(Date:7/24/2017)... ... July 24, 2017 , ... Sharon Kleyne, host of the nationally ... on VoiceAmerica sponsored by Nature’s Tears® EyeMist® recently talked on the air about an ... China. , The article by Zidor Aldama described the situation in which Chinese children ...
Breaking Medicine News(10 mins):
(Date:7/11/2017)... 2017 Zymo Research Corp., also known as ,The Epigenetics Company, ... aging in a precise manner using the myDNAge ™ test. Based ... professor of human genetics and biostatistics at the David Geffen School ... , Zymo Research,s proprietary DNAge ™ technology is used to analyze ... ...
(Date:7/11/2017)... 2017  Sysmex America, Inc., a leading provider ... as well as middleware information systems technology, today ... quality assurance easier and more risk free than ... for the innovation that it delivers to the ... assurance processes to a new level with automated, ...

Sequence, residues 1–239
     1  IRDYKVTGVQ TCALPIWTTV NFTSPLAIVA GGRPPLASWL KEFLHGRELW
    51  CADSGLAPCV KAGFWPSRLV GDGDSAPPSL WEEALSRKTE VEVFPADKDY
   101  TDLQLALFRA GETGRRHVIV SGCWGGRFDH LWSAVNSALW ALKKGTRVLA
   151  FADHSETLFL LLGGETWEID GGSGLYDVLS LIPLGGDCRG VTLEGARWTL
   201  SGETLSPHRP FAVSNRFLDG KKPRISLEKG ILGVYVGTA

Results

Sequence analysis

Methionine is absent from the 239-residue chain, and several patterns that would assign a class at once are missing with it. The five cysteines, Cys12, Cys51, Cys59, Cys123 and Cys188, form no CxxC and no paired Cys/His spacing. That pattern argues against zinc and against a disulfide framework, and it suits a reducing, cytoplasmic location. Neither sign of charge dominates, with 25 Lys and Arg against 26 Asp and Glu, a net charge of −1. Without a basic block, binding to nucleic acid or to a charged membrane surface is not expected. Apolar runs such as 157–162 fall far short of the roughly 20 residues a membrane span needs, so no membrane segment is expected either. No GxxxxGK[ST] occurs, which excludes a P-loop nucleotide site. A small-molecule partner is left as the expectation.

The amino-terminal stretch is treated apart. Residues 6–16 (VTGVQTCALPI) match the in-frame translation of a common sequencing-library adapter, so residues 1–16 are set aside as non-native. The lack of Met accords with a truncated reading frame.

(Date:7/10/2017)... , July 10, 2017  US medical equipment ... in 2021, according to Medical Equipment & ... by Freedonia Focus Reports. Continued increases in demand for ... aging of the population and supported by gains in ... equipment and supplies. New product introductions will also drive ...
Breaking Medicine Technology: